The United States of America today welcomed the meeting between the presidents of Sudan and South Sudan for the countries’ recommitment to the unconditional implementation of the September 27, 2012 agreements.
Reports say Sudan and South Sudan signed cooperation agreements on security and economic matters at Ethiopian capital of Addis Ababa.
The deals also includes that two countries would continue to work together to resolve the outstanding issues including Abyei and the call for a demilitarized zone along the border.
In her remarks in Washington DC, the US ambassador to the United Nations Susan Rice says the two countries now finally move from rhetoric to action by clearly implementing the agreements reached in Addis Ababa without further delay.
“The parties now have agreement on a plan and a timetable for implementing the Safe Demilitarized Border Zone.” – Ms. Rice
She says the agreement between the parties to instruct the Abyei Joint Oversight Committee to urgently constitute the Abyei Area administration, council, and police service.
Resolution of Abyei’s final status is critical to promoting sustainable peace, she added.
The US shares the assessment of the African Union Peace and Security Council that the AU High-Level Implementation Panel’s September 21 proposal for Abyei still provides a fair, equitable, and workable solution.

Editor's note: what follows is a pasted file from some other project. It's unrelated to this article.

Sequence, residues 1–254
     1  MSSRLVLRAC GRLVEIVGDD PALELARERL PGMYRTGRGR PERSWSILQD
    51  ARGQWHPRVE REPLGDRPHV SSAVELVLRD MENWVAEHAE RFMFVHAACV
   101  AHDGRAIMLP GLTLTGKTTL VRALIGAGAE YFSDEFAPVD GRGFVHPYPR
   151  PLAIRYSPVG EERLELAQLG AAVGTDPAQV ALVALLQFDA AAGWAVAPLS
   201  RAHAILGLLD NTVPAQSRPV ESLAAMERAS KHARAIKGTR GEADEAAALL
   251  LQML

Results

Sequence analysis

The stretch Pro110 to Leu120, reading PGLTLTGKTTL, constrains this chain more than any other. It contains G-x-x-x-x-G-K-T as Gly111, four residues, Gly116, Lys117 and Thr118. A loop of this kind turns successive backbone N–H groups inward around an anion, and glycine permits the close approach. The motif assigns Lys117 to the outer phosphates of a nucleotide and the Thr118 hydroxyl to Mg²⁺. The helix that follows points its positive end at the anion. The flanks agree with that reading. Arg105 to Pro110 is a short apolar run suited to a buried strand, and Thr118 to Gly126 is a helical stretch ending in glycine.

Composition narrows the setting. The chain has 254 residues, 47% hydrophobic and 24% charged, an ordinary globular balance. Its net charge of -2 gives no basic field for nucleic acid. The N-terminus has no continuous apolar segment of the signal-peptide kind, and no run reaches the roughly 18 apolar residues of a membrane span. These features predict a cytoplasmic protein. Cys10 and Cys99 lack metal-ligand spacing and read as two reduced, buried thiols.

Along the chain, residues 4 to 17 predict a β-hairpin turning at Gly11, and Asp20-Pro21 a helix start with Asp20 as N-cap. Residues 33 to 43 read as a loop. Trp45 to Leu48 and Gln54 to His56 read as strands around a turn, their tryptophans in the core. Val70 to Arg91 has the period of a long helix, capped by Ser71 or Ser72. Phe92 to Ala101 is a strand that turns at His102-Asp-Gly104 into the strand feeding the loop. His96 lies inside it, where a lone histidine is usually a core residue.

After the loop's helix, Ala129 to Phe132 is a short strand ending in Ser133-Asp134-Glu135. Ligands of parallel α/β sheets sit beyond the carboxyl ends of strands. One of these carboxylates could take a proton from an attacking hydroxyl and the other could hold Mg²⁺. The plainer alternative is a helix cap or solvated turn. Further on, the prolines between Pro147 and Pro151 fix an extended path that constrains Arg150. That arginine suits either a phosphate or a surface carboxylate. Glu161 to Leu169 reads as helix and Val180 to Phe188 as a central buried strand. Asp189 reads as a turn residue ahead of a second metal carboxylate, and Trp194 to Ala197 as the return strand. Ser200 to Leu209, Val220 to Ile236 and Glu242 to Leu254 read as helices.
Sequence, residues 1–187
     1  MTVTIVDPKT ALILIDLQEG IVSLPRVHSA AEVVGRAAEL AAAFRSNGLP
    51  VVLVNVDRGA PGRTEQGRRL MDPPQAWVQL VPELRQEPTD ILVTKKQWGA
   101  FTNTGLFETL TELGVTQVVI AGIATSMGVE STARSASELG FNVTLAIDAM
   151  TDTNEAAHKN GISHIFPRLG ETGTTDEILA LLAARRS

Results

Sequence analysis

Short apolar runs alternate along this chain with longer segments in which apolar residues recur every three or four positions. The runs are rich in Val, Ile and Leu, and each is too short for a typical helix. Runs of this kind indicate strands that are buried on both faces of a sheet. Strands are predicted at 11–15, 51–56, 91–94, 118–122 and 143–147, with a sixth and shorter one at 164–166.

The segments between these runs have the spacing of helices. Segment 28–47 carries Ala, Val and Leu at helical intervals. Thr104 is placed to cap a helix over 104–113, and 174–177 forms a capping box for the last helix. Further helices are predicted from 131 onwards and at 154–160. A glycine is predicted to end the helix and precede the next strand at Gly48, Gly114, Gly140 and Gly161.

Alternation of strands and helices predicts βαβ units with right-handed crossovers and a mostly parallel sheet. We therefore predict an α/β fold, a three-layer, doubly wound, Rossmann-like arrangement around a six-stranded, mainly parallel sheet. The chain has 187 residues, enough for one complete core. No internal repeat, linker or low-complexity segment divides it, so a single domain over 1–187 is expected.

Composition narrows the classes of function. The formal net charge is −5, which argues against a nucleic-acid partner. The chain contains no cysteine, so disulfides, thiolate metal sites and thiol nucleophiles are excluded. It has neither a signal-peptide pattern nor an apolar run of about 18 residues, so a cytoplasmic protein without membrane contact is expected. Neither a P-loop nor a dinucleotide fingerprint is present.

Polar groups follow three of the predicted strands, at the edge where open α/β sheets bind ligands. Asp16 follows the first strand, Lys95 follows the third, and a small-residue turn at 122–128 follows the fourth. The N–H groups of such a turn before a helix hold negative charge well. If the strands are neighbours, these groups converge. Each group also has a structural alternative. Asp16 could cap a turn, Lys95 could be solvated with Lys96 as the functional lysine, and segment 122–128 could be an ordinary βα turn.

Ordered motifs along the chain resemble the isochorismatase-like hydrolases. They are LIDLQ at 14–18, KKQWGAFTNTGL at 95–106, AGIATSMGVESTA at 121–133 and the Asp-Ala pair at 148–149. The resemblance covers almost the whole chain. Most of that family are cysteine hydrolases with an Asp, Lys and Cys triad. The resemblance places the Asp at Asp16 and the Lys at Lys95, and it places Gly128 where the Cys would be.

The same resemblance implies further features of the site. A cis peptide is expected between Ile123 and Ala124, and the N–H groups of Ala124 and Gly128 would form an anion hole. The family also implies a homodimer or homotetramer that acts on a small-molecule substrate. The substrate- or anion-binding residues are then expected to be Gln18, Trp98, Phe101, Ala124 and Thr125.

Ms. Rice underlines that this proposal provides for Abyei’s continuing special status as a bridge between the two countries with guaranteed political and economic rights for both the Ngok Dinka peoples and the Misseriya, whatever the outcome of the referendum.
However, Ms. Rice pointed out that the US remains deeply concerned by the continued deterioration of the humanitarian situation in Southern Kordofan and Blue Nile, and we received a briefing about that.
“We’re also deeply concerned about the ongoing aerial bombardments by the Sudanese Armed Forces, including in civilian areas.” – Ms. Rice
She emphasizes that the Security Council must work collectively now to press for immediate and unfettered humanitarian access.
In addition, the US urges the two parties to conduct urgent talks on humanitarian access, a ceasefire, and a political resolution of their conflict.
In Semptember 2012, agreements were reached between Sudan and South Sudan on security, oil, financial, nationality, and trade issues.
The leaders of both countries signed a cooperation agreement after talks in the Ethiopian capital that began on Sunday
The agreements include an oil deal last month ensuring the resumption of oil exports.
In addition, both parties also agreed on a demilitarised border buffer zone where troops must withdraw 10 kilometres from the de facto line of control along the disputed frontier.
Earlier in August 2012, Sudan and South Sudan have finally struck a deal on how to share their oil wealth.
Reports say the parties have agreed on all of the financial arrangements regarding oil.
The two countries were given August 2 deadline by the United Nations to solve disputes from border security to oil payments.